Not Queer Enough
On the idea of non-monosexual erasure and prejudice in the GSM (gender and sexual minority) community.
Today we take a look at a source I rarely ever venture into on my own, a Reddit thread. For some reason Tumblr users and Redditors are mortal enemies, and I’m not a big fan of the layout of the website in the first place, so it’s typically uncharted ground. But I did see a post that struck a heart string. A young, closeted bisexual girl, describing how she doesn’t feel “Queer Enough” to fit in to the community. It may seem like nothing, but this is a huge criticism the community faces, and one of the reason’s I choose not to participate in many “pride” events. It’s problematic to the point that it took her “days to work up the nerve to post this”, and she avoids having other queer friends for fear of being judged.
One thing monosexuals, either straight or gay, don’t understand and seem to dislike, is the idea of having heterosexual thoughts sometimes, and homosexual thoughts at others, and many are very outspoken about it. Twitter polls reveal many gay individuals would never date a bi or pansexual individual. (I won’t get too into the differences between the two, I don’t think many of us know either, it’s just which word we think fits us better. I use pan because I’ve dated people outside the gender binary altogether, but other people may feel differently on the matter).
So this poor girl’s thoughts are well grounded. Her post itself is short and too the point. She is a closeted girl who identifies as bisexual, and does not have any queer friends, and she feels isolated and alone. But the comments on her post are what truly show how big of an ordeal this is. Trans individuals feel that they aren’t “trans enough”. Members of even monosexual identities explain that they’ve felt the same way, but for different reasons. A pansexual commenter (Username Helzibah) offered their own advice, which is what I really want to share with you.
“Seriously, you’re not alone in this. I always used to wonder if I’d made up the gay part and was just imagining it. I’m pretty comfortable with who I am now, but it took a bunch of time and just general life experience to chill out and accept it. I’m also in a long-term, monogamous, straight relationship, so the gay side of me is all hypothetical. But then, the straight side of me was hypothetical when I was younger too, so really it’s just the same thing.
I can’t really give any solid advice, except don’t be afraid to explore your sexuality. Flirt with people, watch porn, read erotic stories, fantasise, watch films or TV shows and pay attention to who you find attractive. You might find it interesting to keep a log of this stuff, I idly use a particular TV show as my ‘gay meter’ because it contains attractive girls and boys and it’s interesting to see who I find more attractive on any given day. Sometimes the girls are totally hot and I’m not bothered by the guys, sometimes the reverse, sometimes I just want to touch them all and sometimes I’m more asexual than anything. I also find that romantic attraction and sexual attraction aren’t always in sync which I didn’t expect. I might feel like cuddling up with one gender but having sex with the other.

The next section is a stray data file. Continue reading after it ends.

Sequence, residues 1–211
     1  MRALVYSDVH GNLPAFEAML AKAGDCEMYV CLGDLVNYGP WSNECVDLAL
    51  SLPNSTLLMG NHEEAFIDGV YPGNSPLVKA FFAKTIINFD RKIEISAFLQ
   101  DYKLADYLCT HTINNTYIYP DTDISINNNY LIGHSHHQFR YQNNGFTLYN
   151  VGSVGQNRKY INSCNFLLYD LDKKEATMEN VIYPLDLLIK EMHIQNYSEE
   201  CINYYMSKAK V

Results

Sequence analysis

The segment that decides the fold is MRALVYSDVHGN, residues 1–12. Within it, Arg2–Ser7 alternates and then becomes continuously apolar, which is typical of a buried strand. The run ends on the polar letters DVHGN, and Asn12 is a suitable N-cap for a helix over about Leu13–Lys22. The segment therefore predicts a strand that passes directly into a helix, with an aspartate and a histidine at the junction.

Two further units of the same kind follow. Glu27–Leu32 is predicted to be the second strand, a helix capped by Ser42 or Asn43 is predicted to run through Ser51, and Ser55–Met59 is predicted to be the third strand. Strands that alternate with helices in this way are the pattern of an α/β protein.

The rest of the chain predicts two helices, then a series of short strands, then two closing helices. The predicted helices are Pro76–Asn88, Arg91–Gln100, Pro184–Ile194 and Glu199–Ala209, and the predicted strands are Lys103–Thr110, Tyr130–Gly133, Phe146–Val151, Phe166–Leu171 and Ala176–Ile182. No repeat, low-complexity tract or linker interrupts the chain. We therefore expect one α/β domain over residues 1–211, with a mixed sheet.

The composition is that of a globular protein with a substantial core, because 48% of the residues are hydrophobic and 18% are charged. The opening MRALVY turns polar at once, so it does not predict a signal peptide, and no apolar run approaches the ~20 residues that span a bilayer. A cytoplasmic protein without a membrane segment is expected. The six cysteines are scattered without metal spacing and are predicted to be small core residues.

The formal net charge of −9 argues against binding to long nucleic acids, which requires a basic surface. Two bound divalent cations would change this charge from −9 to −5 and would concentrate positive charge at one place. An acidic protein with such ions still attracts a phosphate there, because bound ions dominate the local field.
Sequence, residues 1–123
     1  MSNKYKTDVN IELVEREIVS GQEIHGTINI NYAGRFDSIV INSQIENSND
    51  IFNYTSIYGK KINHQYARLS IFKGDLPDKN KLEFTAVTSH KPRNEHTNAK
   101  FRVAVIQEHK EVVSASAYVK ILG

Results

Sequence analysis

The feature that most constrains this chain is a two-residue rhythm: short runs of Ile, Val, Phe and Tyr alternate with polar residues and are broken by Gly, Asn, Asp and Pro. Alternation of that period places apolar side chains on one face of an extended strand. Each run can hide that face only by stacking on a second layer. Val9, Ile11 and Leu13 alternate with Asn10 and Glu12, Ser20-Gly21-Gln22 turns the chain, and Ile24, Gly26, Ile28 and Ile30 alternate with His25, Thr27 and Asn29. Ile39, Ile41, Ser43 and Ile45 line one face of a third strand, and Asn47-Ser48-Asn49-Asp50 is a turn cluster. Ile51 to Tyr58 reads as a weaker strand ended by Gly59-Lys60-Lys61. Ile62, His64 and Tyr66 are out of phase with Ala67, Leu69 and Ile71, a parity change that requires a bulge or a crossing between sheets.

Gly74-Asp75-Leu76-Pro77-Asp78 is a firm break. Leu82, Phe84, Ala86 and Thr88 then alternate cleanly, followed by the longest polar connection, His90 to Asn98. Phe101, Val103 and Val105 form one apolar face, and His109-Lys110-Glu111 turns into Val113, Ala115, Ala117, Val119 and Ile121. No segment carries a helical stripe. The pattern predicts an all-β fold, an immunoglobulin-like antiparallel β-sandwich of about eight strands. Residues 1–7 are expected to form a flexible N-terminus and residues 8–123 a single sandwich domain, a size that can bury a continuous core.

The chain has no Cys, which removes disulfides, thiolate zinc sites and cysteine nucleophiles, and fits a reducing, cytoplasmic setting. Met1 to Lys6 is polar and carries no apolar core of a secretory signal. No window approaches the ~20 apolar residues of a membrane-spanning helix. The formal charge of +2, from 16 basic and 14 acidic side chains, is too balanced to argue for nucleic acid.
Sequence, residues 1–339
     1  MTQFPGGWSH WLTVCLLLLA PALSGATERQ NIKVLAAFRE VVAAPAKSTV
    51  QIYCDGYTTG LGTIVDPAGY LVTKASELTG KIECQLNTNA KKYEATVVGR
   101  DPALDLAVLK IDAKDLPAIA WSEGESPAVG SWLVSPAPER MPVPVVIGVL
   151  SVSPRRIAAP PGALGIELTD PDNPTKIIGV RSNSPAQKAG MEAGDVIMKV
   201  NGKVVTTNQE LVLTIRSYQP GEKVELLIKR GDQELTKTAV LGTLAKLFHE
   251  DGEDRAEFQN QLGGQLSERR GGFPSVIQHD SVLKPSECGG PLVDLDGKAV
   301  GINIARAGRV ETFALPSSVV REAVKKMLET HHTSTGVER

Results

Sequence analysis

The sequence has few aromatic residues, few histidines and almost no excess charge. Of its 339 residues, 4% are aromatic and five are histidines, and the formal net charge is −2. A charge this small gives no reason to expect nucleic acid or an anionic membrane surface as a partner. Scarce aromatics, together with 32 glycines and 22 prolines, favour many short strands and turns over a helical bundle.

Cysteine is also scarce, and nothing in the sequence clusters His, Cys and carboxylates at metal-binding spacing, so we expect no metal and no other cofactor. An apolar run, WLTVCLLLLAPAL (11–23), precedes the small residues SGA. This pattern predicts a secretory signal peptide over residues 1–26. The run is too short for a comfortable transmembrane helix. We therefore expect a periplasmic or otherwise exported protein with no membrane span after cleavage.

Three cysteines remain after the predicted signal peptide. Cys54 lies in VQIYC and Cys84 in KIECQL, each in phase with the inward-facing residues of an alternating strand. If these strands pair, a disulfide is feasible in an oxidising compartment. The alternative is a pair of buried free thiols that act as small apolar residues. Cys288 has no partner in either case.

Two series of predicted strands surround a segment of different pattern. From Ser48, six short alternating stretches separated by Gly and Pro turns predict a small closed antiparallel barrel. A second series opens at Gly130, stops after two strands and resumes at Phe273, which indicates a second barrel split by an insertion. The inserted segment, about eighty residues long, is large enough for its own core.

It’s trite, but the best way to love yourself is to understand yourself. Just explore and have fun.”
When it all comes down to it, we’re all just a bunch of queer folk trying to get basic human rights. I can’t marry my partner, donate blood, or travel to certain countries. But when members of the community start attacking each other, the big issues get put back, because we have to deal with these things first. We aren’t going to get anywhere with infighting.
Personally, I find it hard to understand why certain sexualities receive such animosity in the community. Bisexuals, Pansexuals, Asexuals/Aromantics, and Nonbinary individuals often seem to get the shorter end of an already short stick. Hell, even lesbians get thrown in with us sometimes. The image of the GSM family is a flamboyant, physically fit yet somehow still very effeminate, white, gay man. At least to the public anyways. Within the community, especially online, it becomes a contest to see who is the “ultimate queer”. It’s almost as if there’s a checklist being passed around and whoever can fill in the most “oppression counter” bubbles is most deserving of the title. And god forbid you have any sort of “privilege”. I’m both straight-passing (sometimes), and white-passing, so it is assumed I’m straight and white. Neither of which is true.
Recently, my university’s GSA has been riddled with poor management and an elitist ideology. At times it feels the only people who are taken seriously are lesbians of color, and if you have a strong preference in your sexuality (such as not being attracted to trans individuals as much as cis, but still respecting trans identities and treating them like decent human beings, as happened to a friend of mine), you are shunned. I’ll be honest, I only went to one meeting, but it’s because in that short amount of time I was able to determine that this was not a safe space for me. When a member criticized Atlanta Pride for not offering much to those on the Ace Spectrum, such as black rings (a symbol their sub-community has adopted) at merchandise booths, she was told that “they weren’t really that important at the parade”. I have heard rumors of other things happening, such as at the GSA Conference, but I personally was not there to know, so I will not share misinformation.
I understand your pain, Reddit user HolyKatana. A lot of us in the community do. But we as members of the community know how to stand through adversity, and hopefully sometime in the near future we will be united under our acronym yet again.
If you yourself have felt “not queer enough” please feel welcome to comment below and share your experience.